By Matthew Hendley If you haven't heard a story recently about a naked person high on the chemicals known as "bath salts," you have not been paying attention. Thanks to 23-year-old Sean-Paul Branscome, the Tempe Police Department is holding a press conference right now to warn the public about the dangers of bath salts. That's because police say Brascome, 23, was slamming himself against walls while pacing on a sidewalk, before he got naked and went jogging through a neighborhood. He would eventually tell police that he had ingested bath salts. According to Tempe PD, the call came in Sunday morning about a man "walking up and down the sidewalk and throwing himself against walls" near Country Club Way and Guadalupe Road. While police were still on the phone with whoever called, Brascome got rid of his clothes and started running around. The cops set up a perimeter to catch him,...
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13 Sobering Facts About Teen Substance Abuse

13 Sobering Facts About Teen Substance Abuse A new report finds that 76 percent of high school students have used tobacco, alcohol, marijuana, and other drugs, and one-fifth of them may be addicted. These alarming figures highlight the urgent need for parents and communities to help troubled teens. Teen substance use is an epidemic of greater proportions than depression, bullying, and obesity, according to a new report by the National Center on Addiction and Substance Abuse (CASA) at Columbia University in New York City. CASA interviewed more than 2,500 high school students, parents, and school personnel, analyzed thousands of studies, and interviewed 50 leading experts in a broad range of fields to produce the comprehensive report, which unearthed some shocking statistics. Among the findings: While the percentage of teens who smoke, drink, or use illegal drugs has declined since 1999, the number of youths who still do so is dangerously high....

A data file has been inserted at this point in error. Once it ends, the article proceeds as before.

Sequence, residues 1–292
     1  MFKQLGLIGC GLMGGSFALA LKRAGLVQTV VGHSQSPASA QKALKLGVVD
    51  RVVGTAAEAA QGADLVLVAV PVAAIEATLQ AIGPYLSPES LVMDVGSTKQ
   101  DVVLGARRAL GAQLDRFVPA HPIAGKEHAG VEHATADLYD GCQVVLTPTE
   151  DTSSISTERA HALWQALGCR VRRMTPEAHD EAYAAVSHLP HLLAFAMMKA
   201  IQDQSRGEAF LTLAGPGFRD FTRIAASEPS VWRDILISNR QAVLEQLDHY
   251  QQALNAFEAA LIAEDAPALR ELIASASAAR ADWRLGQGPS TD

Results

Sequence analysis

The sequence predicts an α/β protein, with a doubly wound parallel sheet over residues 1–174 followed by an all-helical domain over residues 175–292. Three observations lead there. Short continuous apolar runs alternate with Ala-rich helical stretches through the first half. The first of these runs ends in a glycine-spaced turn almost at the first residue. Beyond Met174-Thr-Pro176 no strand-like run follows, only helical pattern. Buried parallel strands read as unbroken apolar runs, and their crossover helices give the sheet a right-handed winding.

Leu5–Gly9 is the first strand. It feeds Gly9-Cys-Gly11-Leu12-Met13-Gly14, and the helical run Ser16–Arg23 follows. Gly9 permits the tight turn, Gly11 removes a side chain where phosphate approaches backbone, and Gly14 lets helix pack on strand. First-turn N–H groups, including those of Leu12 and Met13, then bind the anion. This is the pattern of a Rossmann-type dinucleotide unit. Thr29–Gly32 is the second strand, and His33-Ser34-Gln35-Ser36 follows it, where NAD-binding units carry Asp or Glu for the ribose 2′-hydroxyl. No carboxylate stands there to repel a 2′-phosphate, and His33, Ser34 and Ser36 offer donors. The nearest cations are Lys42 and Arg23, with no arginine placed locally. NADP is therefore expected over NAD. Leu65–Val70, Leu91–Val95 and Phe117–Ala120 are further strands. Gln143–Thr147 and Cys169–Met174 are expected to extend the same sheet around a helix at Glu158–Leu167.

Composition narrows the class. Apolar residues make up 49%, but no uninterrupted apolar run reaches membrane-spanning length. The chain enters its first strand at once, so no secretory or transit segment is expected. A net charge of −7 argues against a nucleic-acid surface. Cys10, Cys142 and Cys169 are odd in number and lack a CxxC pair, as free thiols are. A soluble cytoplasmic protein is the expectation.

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One In Eight U.S. Teens Misuses Pain Drugs

One in eight older U.S. teenagers has used powerful painkiller drugs without prescriptions, and many of them start misusing the pills at age 16 or 17, earlier than was previously assumed, according to new research released on Monday. The findings published in the Archives of Pediatrics & Adolescent Medicine are based on two national surveys that asked teenagers about their recent or lifetime use of prescription painkillers, which include highly addictive drugs such as oxycontin and codeine. For the full study, see: http://bit.ly/pD1ZHL Both medical and recreational use of such opioid drugs has increased across the United States over the last two decades, as have deaths due to painkiller overdoses. The new findings suggest that educational programs on the dangers of misusing painkillers should start earlier in high school, researchers said. The Centers for Disease Control and Prevention estimate that 14,800 Americans died of an opioid overdose in 2008 - three...
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Growing Number of Teens Drinking, Taking Drugs During School